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May 22, 2011, 07:53:21 PM
 #26

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I propose the demurrage fee to be charged every block to every account and the total demurrrage paid to be added to the reward.

Okay so I somehow glossed over this.  You want a uniform demurrage that's based on, what exactly?  Per account?  Balance?  I don't really see any justification for either...

Demurrage, if lower than or equal to liquidity premium (if you allow me to use that term) won't affect the risk premium.

Then how do you calculate the liquidity premium and build that into your centrally-managed system?

Regardless, doing so would just create an arbitrary magic number that is actually worse than centrally-managed interest rates.  It would bear no connection whatsoever to the real economy, let alone the problem at hand which is the ongoing cost of storage and block processing proportional to threats against the network.

I don't see what the problem is with a market-based approach.

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What he cannot do anymore is profit without taking risk,
Quote
Purchasing any asset has risk.

Doesn't holding Bitcoins qualify as risk?

Quote
There's no transfer to investors. Their financial costs would drop, but as competitors force them to reduce profit, the prices of their products will drop accordingly.

Or they will collude, make riskier investments and simply lose more often.  But since I now understand you technically want to subsidize miners rather than investors, this argument is somewhat moot.  None of your assertions about reduced cost of borrowing would pan out, since all the demurrage fees would be spent by miners competing for new blocks.  You'd just be subsidizing mining hardware.

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May 22, 2011, 10:01:10 PM
 #27

I don't get what all the excitement is about. A coin that is held on for a long time is a coin that is not part of the market. As such, it increases the value of all the coins that are effectively in circulation. The logic behind hoarding is that the coins keep on valuating so they should be held on for as long as possible. And that on its own helps valuate the each other BTC in circulation even more. So stop panicking already.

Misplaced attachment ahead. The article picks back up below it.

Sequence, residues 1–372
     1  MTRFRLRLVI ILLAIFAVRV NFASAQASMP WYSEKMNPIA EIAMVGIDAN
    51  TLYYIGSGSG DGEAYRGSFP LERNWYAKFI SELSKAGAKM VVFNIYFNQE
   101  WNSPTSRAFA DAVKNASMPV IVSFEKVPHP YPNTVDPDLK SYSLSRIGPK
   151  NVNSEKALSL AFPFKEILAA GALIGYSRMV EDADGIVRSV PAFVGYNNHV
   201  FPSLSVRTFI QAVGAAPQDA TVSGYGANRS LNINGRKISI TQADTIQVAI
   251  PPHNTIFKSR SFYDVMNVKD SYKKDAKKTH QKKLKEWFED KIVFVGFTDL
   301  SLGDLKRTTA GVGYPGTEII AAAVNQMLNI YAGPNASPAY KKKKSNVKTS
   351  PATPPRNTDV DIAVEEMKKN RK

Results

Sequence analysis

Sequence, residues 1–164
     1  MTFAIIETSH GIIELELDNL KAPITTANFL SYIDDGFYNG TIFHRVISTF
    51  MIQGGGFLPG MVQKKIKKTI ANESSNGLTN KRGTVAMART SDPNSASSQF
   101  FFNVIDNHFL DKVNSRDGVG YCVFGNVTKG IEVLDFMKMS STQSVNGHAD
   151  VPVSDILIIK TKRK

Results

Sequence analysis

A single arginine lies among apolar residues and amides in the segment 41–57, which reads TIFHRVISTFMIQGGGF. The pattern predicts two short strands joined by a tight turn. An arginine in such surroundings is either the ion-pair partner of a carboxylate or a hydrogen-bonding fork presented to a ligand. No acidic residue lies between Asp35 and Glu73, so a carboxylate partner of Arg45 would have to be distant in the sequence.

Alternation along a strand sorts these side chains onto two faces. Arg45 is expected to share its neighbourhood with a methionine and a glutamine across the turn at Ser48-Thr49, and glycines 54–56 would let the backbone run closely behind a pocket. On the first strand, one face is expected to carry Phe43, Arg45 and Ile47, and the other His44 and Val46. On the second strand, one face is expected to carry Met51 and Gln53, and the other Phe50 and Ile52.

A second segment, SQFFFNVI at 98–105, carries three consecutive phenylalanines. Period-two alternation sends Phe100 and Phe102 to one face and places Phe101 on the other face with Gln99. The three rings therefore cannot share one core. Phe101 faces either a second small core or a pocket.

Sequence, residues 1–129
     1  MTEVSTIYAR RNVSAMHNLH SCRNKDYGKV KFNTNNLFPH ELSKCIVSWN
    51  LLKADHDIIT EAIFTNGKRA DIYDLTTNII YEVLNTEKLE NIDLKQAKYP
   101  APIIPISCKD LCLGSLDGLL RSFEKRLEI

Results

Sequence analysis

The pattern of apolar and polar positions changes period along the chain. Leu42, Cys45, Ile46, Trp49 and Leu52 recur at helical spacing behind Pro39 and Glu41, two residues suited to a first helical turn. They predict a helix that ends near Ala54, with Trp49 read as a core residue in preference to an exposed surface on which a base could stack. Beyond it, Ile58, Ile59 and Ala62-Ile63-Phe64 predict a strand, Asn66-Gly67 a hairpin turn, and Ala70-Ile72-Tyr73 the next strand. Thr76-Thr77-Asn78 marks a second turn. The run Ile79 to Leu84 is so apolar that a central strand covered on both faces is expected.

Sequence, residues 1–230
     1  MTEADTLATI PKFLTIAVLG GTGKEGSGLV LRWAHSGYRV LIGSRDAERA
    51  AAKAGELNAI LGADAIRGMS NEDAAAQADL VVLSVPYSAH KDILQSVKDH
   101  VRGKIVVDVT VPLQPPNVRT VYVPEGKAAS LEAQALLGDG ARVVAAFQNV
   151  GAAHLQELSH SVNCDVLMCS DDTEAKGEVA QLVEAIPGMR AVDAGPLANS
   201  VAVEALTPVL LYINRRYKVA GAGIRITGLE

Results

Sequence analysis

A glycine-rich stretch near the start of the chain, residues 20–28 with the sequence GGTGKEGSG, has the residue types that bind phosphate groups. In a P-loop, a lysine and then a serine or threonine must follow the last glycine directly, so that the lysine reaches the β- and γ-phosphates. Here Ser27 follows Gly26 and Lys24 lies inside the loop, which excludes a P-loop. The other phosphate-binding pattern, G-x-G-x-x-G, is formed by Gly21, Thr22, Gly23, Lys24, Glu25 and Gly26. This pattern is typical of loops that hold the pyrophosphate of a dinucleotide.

Also that demurage idea is worthless. You impose that on me and ima make myself some nice and tidy stacks of 100 BTC per private key and just trade the keys directly while I fill in the smaller amounts with coins from a spending account which are freshly traded...

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jtimon
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May 22, 2011, 10:25:01 PM
 #28

As you say, the problem would be that magic number for the demurrrage rate. I don't know what would be enough to "subsidize miners". I think that it shouldn't go above the liquidity premium, which I doubt is even possible to calculate accurately. You'd need a perfect risk calculating machine to then subtract the premium risk from the interest. Also a perfect index for "general prices". It would be definitely easier to calculate the minimum "needed" reward for the miners, but that would have to be done somehow for the market based proposal too.

Instead of subsidizing miners, I would say you're getting them paid for a service they're providing collectively.

One problem I see with the market-based approach is that the fees are paid depending on time, but are received by miners as transaction fees, with blocks giving more fees than others in terms of demurrage. It would be distributed less uniformly between blocks.

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Doesn't holding Bitcoins qualify as risk?
Yes. With competing currencies, holding one of them has a risk. I lately tend to think about money as if it were only one currency with a stable monetary base. My fault.

Although demurrage fees go to the miners, they benefit borrowers (and consumers indirectly) because the advantage for the lender of money being time resistant disappears from negotiations.
I don't think that many of you would agree with me in that demurrage would have desirable effects beyond improving the security of the network by warrantying a minimum reward for miners. But I would be happy if at least you don't see any undesirable effects neither.



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Raulo
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May 22, 2011, 10:50:52 PM
 #29